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Corporate reputation: Managing corporate reputation – applying rigorous measures to a key asset

Corporate reputation: Managing corporate reputation – applying rigorous measures to a key asset Author Jeff Resnick explores the vulnerability of firms whose executives fail to manage the perceptions of their company – indeed, their corporate reputation – with as much rigor as they apply to managing financial, operational or technology risk. Mr Resnick offers up a snapshot of current attitudes towards managing corporate reputation, including research underscoring CEOs perception that it has become far more important than it was several years ago, and juxtaposes this with data that indicates US investors remain as distrustful of corporate ethics today as they were in the heated moment of corporate scandals. Mr Resnick then presents a provocative case for better managing reputation – a company’s most critical important intangible asset – in a more strategic manner. Finally, he provides readers with steps for effectively monitoring reputational risk. His monitoring system focuses on a multi‐stakeholder measurement approach that more fully informs executives’ decisions concerning their corporate reputation. Critical to making his case, Mr Resnick uses examples from recently completed reputational research, focusing on the electric power industry and conducted by an independent reputation‐rating agency. http://www.deepdyve.com/assets/images/DeepDyve-Logo-lg.png Journal of Business Strategy Emerald Publishing

Corporate reputation: Managing corporate reputation – applying rigorous measures to a key asset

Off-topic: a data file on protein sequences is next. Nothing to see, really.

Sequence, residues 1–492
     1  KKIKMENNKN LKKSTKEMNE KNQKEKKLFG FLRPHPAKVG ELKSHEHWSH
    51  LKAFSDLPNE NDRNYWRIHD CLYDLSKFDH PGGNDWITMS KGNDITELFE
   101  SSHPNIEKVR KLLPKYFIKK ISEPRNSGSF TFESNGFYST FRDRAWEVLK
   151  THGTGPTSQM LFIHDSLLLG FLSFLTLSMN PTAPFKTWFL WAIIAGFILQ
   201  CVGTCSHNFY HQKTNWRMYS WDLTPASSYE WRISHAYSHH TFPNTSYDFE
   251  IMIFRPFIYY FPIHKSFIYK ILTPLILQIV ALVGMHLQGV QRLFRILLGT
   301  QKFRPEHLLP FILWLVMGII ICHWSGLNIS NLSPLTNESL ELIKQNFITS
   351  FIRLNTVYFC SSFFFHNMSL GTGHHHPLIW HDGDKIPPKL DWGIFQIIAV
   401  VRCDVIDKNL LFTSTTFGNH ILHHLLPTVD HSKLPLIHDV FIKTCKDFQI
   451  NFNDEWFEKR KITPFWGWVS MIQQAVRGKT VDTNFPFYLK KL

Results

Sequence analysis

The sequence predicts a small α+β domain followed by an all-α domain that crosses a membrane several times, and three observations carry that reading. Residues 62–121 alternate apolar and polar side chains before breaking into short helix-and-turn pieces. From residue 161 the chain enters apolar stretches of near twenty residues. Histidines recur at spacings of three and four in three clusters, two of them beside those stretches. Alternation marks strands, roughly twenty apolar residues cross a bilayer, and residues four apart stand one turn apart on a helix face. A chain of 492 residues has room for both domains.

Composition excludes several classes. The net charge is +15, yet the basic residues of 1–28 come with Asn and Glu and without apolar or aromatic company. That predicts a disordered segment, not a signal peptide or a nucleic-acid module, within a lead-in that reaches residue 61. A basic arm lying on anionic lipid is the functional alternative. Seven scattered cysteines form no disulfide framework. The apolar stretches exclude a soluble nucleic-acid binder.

Journal of Business Strategy , Volume 25 (6): 9 – Dec 1, 2004

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Publisher
Emerald Publishing
Copyright
Copyright © 2004 Emerald Group Publishing Limited. All rights reserved.
ISSN
0275-6668
DOI
10.1108/02756660410569175
Publisher site
See Article on Publisher Site

Abstract

Author Jeff Resnick explores the vulnerability of firms whose executives fail to manage the perceptions of their company – indeed, their corporate reputation – with as much rigor as they apply to managing financial, operational or technology risk. Mr Resnick offers up a snapshot of current attitudes towards managing corporate reputation, including research underscoring CEOs perception that it has become far more important than it was several years ago, and juxtaposes this with data that indicates US investors remain as distrustful of corporate ethics today as they were in the heated moment of corporate scandals. Mr Resnick then presents a provocative case for better managing reputation – a company’s most critical important intangible asset – in a more strategic manner. Finally, he provides readers with steps for effectively monitoring reputational risk. His monitoring system focuses on a multi‐stakeholder measurement approach that more fully informs executives’ decisions concerning their corporate reputation. Critical to making his case, Mr Resnick uses examples from recently completed reputational research, focusing on the electric power industry and conducted by an independent reputation‐rating agency.

Journal

Journal of Business StrategyEmerald Publishing

Published: Dec 1, 2004

Keywords: Corporate image; Performance monitoring

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